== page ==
it behind. Again, let us wander the whole, or at least
the sloping wall of his heart. I listen with one finely
shaped ear, hear ghosts get off and on at his laments.

           Published in Knot Magazine. Used with permission. 

Father to Narrow then Stranger

I said, Fix
your buttons.
He said, We have to see

if it is Saturday.
A man with the weight
of belief

in one of his pockets,
and these fill up
fast. He said, We have to move

the bodies, and since he was not
by such talk, I endured

his broad
deviance. He said
he would have to —

and when he said it
again, then left it
at that, I smiled

with terrible tangles
in my love. We were told
to expect such

knots. He wanted
it to be
Saturday. He could go empty

those hidden days
in between. I watched his fingers
scan his glossy picture

on his door. This was all
of him. His fingers formed
his own double

collars, ecstatic
exhausted cheeks. Lost,
you might say,

but we didn’t. I said, The sun
has again become
rain. I said Dad, and he tried

to arrive
with a new sentence. He said, Out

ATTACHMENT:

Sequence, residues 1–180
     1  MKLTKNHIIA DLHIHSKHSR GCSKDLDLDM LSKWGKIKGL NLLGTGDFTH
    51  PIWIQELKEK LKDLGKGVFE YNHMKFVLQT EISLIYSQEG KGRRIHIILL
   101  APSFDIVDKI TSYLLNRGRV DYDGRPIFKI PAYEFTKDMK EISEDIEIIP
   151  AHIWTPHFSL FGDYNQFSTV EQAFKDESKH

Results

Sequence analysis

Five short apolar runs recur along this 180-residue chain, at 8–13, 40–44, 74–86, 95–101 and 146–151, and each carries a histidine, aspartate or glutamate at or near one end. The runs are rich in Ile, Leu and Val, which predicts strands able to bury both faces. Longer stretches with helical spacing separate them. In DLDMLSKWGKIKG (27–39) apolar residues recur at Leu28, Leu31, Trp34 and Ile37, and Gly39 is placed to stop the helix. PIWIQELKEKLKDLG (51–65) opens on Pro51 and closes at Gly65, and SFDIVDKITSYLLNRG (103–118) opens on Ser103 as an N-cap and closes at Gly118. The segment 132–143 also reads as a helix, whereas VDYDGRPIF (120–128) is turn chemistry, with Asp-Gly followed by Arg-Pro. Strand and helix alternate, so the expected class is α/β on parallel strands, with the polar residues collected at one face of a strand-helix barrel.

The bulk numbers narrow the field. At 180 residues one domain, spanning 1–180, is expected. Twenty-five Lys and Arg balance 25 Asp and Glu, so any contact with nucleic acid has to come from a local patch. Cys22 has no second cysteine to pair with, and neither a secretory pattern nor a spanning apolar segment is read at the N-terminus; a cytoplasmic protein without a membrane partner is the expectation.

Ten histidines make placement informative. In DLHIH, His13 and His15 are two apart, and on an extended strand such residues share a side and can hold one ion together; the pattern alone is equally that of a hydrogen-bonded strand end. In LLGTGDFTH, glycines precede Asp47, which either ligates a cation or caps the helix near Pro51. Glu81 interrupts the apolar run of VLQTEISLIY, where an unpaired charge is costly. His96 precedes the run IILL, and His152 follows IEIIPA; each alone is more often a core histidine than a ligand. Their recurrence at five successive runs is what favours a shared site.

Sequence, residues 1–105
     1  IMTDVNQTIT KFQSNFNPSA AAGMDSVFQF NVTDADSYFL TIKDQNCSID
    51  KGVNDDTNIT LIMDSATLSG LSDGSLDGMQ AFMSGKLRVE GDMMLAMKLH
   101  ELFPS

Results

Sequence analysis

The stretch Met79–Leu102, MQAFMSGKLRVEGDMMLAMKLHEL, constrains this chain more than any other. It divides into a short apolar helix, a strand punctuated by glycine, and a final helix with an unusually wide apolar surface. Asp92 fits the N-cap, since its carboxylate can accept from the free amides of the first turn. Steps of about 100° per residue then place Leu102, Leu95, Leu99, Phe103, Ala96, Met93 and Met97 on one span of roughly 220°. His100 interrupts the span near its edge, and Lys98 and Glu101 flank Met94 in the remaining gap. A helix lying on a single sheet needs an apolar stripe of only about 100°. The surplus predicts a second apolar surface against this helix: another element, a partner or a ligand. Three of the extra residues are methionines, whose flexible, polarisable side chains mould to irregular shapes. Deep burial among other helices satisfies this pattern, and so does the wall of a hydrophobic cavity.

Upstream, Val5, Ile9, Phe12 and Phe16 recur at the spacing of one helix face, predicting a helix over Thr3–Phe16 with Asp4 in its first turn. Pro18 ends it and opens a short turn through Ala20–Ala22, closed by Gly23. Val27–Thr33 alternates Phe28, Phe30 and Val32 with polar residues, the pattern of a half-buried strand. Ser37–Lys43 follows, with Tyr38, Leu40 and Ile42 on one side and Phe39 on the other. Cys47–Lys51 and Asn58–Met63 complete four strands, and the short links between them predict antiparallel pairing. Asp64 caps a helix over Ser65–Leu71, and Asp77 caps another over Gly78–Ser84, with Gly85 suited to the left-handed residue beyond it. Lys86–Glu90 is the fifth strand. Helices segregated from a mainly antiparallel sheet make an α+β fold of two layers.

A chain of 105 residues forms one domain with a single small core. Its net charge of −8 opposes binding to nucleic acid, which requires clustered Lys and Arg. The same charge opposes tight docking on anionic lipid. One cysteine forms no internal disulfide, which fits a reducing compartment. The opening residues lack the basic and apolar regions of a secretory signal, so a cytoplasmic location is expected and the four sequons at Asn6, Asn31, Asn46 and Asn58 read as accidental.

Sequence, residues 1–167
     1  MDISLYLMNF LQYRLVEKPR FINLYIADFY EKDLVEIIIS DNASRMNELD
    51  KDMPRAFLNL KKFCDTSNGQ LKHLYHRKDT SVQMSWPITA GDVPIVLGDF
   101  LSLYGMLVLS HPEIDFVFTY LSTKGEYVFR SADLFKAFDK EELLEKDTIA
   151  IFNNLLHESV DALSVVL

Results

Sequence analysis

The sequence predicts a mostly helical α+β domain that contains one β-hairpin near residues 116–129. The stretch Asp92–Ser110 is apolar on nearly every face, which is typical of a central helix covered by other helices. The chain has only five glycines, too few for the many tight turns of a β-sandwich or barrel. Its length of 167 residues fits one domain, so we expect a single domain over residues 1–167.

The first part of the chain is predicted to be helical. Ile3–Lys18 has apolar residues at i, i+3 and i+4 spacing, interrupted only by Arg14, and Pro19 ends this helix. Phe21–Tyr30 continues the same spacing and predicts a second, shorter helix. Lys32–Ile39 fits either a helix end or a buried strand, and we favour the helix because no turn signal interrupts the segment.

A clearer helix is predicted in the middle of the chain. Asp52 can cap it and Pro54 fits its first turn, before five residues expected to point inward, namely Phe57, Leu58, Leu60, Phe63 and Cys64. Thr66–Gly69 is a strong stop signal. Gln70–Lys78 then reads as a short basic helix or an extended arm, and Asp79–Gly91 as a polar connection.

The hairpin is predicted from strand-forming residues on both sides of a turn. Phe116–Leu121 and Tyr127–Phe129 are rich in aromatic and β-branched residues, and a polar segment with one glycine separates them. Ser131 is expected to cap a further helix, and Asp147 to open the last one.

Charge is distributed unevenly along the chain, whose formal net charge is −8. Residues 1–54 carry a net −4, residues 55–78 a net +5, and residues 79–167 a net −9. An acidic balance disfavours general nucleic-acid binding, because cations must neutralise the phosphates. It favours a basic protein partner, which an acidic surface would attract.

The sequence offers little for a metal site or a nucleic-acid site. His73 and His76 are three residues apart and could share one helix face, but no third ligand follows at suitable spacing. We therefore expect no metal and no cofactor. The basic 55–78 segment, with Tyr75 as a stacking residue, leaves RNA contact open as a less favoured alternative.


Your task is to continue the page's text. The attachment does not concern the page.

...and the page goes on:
in the earth, time moves

like an angel.
His watch swept

the hours. I said, Let us
take what’s not
even there. He listened.

          Published in Beloit Poetry Journal. Used with permission.

* * * 
Lauren Camp is the author of three books, including One Hundred Hungers (Tupelo Press), finalist for the Arab American Book Award and winner of the Dorset Prize. Her poems have appeared in the Academy of American Poets’ Poem-a-Day, Boston Review, The Adroit Journal, Diode, Nashville Review, Beloit Poetry Journal, and elsewhere. A 2018 Visiting Scholar/Poet for the Mayo Clinic (MN) and the recipient of a Black Earth Institute Fellowship, she lives and teaches in New Mexico. Please visit her website.